“I was in com­plete agree­ment with this pro­gram,” Zam­progna says. “I thought we should start it in the fall, though. I had al­ready hired some teach­ers for the sum­mer and was ready to go ahead with what we had al­ways done.”

Things came to a head when Zam­progna heard some­one else had been hired to run the school.

“It was em­bar­rass­ing. I al­ways thought I’d be car­ried out of Aquarius in a wooden box.”

Zaremba ex­plains, “We were not look­ing for a di­rec­tor of the ed­u­ca­tion pro­gram alone, we needed some­one who could over­see the school, the pro­fes­sional de­vel­op­ment pro­grams and the new out­reach pro­gram. It is not an equiv­a­lent po­si­tion in terms of time re­quire­ments and other com­mit­ments.”

Un­der the cir­cum­stances, Zam­progna was not of­fered the job.

“I was of­fered a job as a teacher by Ron and Lorna be­cause they wanted to keep my name in­volved. I didn’t want that.”

Zam­progna says the old pro­gram was suc­cess­ful with about 150 stu­dents. All teach­ers were the­atre pro­fes­sion­als.

“It was a thrill to see so many of our stu­dents go on to pro­fes­sional ca­reers, but you know, we taught much more than act­ing, singing and danc­ing. We taught life skills. It was about com­mu­ni­ca­tion. It was al­ways about more than just do­ing a show.”

The brochure for the new pro­gram in the new The­atre Aquarius Ed­u­ca­tion Arts Cen­tre on Went­worth talks about prac­tis­ing em­pa­thy, crit­i­cal think­ing, com­plex prob­lem-solv­ing, cre­ativ­ity, self­ex­pres­sion, work ethic and col­lab­o­ra­tion.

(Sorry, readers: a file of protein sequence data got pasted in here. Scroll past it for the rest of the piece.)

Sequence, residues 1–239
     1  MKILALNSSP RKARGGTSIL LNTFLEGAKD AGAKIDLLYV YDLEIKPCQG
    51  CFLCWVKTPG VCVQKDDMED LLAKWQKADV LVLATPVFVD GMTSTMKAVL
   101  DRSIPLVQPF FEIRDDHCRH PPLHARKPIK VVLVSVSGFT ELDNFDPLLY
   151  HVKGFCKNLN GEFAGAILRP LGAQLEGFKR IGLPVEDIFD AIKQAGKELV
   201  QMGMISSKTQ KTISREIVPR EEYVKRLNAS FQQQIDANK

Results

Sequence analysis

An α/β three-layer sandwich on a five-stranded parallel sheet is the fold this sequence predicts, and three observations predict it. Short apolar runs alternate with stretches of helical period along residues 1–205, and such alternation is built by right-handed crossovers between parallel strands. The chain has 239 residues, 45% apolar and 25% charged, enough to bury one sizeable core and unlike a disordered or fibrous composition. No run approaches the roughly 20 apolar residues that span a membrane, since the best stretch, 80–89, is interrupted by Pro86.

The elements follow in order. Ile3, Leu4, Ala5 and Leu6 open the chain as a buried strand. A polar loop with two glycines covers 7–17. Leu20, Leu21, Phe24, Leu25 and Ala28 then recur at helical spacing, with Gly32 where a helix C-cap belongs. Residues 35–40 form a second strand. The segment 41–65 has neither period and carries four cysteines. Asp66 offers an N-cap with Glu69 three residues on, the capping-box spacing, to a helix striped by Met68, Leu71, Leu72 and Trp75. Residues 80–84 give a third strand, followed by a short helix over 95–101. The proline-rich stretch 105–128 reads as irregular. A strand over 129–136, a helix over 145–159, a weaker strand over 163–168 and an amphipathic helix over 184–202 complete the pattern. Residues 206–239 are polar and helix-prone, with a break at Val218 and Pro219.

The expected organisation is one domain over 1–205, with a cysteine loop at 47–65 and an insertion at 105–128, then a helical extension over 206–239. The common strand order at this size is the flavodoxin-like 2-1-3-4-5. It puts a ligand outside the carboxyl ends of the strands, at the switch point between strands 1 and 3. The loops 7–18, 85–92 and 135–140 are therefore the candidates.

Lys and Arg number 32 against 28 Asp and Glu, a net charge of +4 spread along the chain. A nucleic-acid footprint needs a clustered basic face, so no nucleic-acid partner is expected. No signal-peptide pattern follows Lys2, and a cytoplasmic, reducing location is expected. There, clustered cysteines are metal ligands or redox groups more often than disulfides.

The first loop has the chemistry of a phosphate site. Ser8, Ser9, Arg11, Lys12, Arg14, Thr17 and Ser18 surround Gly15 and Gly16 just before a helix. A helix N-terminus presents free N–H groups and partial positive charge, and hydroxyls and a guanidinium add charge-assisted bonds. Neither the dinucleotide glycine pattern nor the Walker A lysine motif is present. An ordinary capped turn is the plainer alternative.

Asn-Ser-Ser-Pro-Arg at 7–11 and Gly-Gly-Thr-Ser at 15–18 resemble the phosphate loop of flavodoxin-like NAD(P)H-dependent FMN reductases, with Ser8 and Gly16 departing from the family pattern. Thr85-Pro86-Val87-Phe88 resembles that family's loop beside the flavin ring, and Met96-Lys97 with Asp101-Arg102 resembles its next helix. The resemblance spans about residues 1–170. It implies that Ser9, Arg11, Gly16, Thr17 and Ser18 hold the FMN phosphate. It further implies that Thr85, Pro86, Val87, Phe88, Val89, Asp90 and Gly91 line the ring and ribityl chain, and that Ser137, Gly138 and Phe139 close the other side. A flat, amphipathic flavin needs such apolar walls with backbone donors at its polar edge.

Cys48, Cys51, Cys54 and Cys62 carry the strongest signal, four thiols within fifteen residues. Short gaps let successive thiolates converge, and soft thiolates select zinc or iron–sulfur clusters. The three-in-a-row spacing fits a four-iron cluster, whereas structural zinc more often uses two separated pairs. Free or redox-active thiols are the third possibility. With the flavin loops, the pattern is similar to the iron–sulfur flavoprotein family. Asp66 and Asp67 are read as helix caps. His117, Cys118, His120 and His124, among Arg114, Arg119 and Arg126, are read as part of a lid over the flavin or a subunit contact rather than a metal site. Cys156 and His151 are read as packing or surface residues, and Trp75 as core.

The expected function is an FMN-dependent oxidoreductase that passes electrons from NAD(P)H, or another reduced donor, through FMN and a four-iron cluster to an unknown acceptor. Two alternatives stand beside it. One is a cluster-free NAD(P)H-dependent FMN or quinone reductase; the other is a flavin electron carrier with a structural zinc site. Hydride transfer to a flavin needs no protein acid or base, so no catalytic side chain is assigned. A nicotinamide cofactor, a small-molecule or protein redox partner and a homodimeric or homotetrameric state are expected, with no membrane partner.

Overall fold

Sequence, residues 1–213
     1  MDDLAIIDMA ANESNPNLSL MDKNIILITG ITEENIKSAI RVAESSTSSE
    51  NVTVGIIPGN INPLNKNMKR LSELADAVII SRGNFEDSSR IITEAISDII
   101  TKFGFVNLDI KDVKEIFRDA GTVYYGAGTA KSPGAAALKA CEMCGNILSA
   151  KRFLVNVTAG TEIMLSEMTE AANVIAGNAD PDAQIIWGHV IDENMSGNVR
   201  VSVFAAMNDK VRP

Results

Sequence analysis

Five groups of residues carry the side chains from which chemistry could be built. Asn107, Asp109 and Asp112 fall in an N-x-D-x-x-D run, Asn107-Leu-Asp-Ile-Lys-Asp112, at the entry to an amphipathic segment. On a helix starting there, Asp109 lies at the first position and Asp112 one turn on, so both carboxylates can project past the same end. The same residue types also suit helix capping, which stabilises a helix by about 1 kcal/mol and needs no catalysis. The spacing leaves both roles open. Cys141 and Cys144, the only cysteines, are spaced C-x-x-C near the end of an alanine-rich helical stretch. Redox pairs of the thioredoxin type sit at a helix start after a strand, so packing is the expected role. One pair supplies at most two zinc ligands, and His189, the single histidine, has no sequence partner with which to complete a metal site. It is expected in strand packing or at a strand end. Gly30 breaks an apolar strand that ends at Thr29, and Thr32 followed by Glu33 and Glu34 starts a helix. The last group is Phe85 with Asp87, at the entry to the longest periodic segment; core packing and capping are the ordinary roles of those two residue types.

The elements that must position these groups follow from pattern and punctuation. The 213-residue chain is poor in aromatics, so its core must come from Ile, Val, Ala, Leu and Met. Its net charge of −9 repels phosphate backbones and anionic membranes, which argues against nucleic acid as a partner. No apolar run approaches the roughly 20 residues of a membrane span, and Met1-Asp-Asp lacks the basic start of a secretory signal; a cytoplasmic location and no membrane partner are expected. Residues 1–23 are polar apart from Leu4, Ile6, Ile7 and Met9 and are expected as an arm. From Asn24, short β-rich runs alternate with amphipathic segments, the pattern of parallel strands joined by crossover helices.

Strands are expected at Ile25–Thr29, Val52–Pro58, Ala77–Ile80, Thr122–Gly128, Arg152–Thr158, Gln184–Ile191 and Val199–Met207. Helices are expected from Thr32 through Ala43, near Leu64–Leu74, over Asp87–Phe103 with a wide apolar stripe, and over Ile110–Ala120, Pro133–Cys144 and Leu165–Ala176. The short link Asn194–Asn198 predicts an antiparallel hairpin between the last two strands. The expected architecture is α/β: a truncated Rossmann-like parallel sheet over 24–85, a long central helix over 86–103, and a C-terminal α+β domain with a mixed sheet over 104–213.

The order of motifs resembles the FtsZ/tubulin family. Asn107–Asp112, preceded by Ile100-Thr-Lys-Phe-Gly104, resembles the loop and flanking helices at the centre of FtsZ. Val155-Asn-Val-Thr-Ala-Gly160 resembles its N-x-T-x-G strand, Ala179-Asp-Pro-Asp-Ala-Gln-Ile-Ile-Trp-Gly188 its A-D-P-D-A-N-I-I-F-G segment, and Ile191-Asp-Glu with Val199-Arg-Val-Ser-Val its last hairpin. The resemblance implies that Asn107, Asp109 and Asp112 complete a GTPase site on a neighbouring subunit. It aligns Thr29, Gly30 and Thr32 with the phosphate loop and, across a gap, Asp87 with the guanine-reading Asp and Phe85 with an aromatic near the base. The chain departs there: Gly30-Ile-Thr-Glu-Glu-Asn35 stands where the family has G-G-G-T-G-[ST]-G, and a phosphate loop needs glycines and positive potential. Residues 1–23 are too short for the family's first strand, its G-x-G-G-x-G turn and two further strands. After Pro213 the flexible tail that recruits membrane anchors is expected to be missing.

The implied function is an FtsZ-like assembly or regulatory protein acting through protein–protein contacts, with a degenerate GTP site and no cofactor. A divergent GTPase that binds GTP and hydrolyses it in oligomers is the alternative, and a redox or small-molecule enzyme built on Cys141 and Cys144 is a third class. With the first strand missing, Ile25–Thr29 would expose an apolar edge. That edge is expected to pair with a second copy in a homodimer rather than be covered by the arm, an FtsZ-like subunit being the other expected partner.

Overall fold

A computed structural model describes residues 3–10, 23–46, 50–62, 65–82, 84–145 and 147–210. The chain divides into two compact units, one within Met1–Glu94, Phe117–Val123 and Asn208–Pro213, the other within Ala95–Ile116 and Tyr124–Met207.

Rather than a large scale pro­duc­tion in the Do­fasco Cen­tre by se­nior stu­dents, there will be three show­cases for the new school’s var­i­ous age groups, with the older stu­dents per­form­ing orig­i­nal work in Gage Park.

“I was dev­as­tated to find the stage pro­duc­tion was end­ing,” Zam­progna says.

“We needed to hire an ad­min­is­tra­tor,” Zaremba says. “We needed some­one to see things with fresh eyes. But we thought Lou would con­tinue with us. He has al­ways been on board about find­ing a big­ger and bet­ter space. And if it hadn’t been for him, we wouldn’t be at this jump­ing-off place right now, open­ing new doors. The stu­dents who went through Lou’s pro­gram had a won­der­ful ex­pe­ri­ence with him.”

Still, Zam­progna re­mains in­volved with lo­cal the­atre. He’s lend­ing his ex­per­tise to Zam­progna Arts, a five-week sum­mer the­atre school run by his daugh­ters Gema and Amanda Zam­progna. The pro­gram, con­ceived in April, cul­mi­nates in a pro­duc­tion of “Rent” in early Au­gust.

The­atre Aquarius, of course, has a right to set their school pro­gram as they see best. But af­ter the dust set­tles, a lit­tle public grat­i­tude might be in or­der.

In a per­fect world, there would be a cel­e­bra­tion of Zam­progna’s achieve­ments, be­fore Aquarius moves on with­out him.

The world has changed. Needs of stu­dents are dif­fer­ent to­day. LORNA ZAREMBA

HAMILTON SPEC­TA­TOR FILE PHOTO

Lou Zam­progna di­rects Evan Smith, left, and Jamie McRoberts dur­ing re­hearsal for the 2006 pro­duc­tion of "Evita."

COUR­TESY THE­ATRE AQUARIUS

Artis­tic di­rec­tor Ron Ul­rich: dif­fer­ent di­rec­tion

HAMILTON SPEC­TA­TOR FILE PHOTO

Lou Zam­progna: felt shut out